A team of Texas A&M University engineering students spent its semester working to provide safer, cleaner drinking water for rural communities in Mexico. The students were paired with the World Wildlife Fund (WWF) and the Gonzalo Rio Arronte Foundation to improve water quality without creating complications for wildlife as part of a biological and agricultural engineering global design team (GDT) course.
“Being able to travel to Oaxaca and work with the WWF in Mexico really opened my eyes to their culture and to their way of life,” said Keeley Wagner, a team member from the GDT project. “It is so rich and different from our own that you have to visit in order to truly experience it and appreciate it. There are many in Oaxaca and around the world that do not have access to clean water, sanitation systems, and sturdy homes, and we can help them in many ways if only we put in the time and effort.”
The WWF requested assistance in designing and implementing inexpensive technologies for wastewater treatment and improving water quality in the Copalita-Zimatán-Huatulco (CZH) river area of Mexico. By the end of the semester, the team provided specifications, manuals and reports for a rainwater harvesting system and effective filtration method as well as suggestions for wastewater management alternatives.
“Since entering university, I have wanted to help people worldwide with their water conservation and sanitation needs,” said Sonja Loy, a team member from the Mexico GDT project. “This project really let me see and experience a practical way that this desire can be realized in my future studies and vocation.”
The Texas A&M biological and agricultural engineering GDT course spans the academic year to provide real-world engineering challenges from the private and public sectors. Global design teams, which are part of a biological and agricultural engineering capstone course, have three to five students per team who work with their sponsors to develop practical solutions to proposed challenges. The goal of GDT is to address specific challenges within the community for mutual benefit while working together.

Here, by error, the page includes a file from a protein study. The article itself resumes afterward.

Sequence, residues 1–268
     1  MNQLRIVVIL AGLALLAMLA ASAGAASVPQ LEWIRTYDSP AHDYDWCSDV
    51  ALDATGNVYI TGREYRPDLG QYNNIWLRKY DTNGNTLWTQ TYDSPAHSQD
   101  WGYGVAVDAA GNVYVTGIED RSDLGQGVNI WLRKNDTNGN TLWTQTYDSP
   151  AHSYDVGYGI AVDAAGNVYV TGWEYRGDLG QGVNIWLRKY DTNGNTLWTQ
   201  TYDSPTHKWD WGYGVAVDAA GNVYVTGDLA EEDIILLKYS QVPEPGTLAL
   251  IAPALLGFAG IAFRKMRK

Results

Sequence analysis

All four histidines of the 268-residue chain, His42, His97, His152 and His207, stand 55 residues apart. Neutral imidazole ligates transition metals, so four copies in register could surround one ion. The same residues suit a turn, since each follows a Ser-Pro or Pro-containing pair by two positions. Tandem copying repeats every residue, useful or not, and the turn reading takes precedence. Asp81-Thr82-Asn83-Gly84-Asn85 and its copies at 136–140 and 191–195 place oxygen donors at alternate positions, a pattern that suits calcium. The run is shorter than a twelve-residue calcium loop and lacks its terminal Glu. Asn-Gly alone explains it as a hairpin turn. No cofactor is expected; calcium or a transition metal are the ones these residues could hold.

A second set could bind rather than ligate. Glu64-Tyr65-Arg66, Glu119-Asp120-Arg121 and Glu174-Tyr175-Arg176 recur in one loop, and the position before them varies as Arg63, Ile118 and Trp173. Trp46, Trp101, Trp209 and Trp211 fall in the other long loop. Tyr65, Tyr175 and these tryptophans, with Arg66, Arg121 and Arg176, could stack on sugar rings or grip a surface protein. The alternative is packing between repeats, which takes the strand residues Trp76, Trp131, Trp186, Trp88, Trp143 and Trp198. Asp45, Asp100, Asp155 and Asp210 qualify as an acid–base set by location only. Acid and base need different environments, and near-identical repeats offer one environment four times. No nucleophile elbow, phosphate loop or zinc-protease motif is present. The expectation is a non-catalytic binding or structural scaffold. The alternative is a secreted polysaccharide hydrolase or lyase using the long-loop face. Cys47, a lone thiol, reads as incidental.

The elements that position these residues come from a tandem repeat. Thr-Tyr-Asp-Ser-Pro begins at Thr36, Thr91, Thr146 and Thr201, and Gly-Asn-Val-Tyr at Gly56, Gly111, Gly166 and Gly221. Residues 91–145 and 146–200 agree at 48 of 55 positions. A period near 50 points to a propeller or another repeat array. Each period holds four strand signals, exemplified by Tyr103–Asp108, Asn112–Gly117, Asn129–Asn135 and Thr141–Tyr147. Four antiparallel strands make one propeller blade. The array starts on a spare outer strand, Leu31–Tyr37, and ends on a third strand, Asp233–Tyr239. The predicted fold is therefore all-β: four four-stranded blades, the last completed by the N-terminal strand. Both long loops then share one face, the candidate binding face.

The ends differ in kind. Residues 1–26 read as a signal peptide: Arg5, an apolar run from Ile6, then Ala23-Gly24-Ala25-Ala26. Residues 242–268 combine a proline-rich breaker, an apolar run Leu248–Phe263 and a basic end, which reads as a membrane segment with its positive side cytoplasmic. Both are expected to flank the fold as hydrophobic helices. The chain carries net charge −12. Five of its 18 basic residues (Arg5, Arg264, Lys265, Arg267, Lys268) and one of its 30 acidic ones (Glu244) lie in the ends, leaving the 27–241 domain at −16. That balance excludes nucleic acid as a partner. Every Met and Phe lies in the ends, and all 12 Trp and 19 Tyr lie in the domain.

The projects are real world, full-cycle design experiences in which teams travel to their project site whether in Texas or abroad to work on the design and foster global awareness. Through utilizing the technical skills and competencies of the students, employees and volunteers involved in each project, a sustainable solution can be achieved.
Projects are selected based on the relevance of community-identified needs and their ability to offer the students a creative, effective sustainable problem solving opportunity. Quality control, accountability measures, logistics and financial and engineering support are all provided and monitored to ensure project success. Support is provided by the partner organizations, Texas A&M and the students themselves. Global design teams offer experiential, hands-on learning that develops skills useful for future careers, family life and community. Students and community partners give and receive time, energy, knowledge and creativity while accomplishing the requirements of their senior capstone.
“These experiences meet the capstone design criteria we seek, provide the environment for service learning which makes engineering more relevant to society and allow engagement with real world problems,” said Dr. Rabi Mohtar, a Texas A&M Engineering Experiment Station endowed professor in the biological and agricultural and civil engineering departments. “They also provide global learning opportunities and help bridge cross-cultural barriers, thus providing a holistic experience and enhanced technical, personal and professional skills.”
The Mexico water project is just one of nine projects that are part of the 2016 GDT course. The other projects included a mobile unit for remote sample collection for the San Antonio River Authority; a low cost, locally sourced off-grid system for improved water quality and heavy metal removal for Progressive Vellore, India; crop layouts and irrigation installation plans for community supported agriculture; a streamlined process to maximize profits for cardamom post-harvest processing in Guatemala; sustainable, an effective and budget-friendly storm water mitigation plan for a Texas community; an effective, cost-efficient water storage and distribution system in Nicaragua; an improved design, operation and maintenance plan for a small wastewater treatment facility in Ecuador; and an environmentally friendly, natural food-growing method combining the best attributes of aquaculture and hydroponics, wasting no water and adding
For information about sponsoring a global design team, contact GDT@tamu.edu.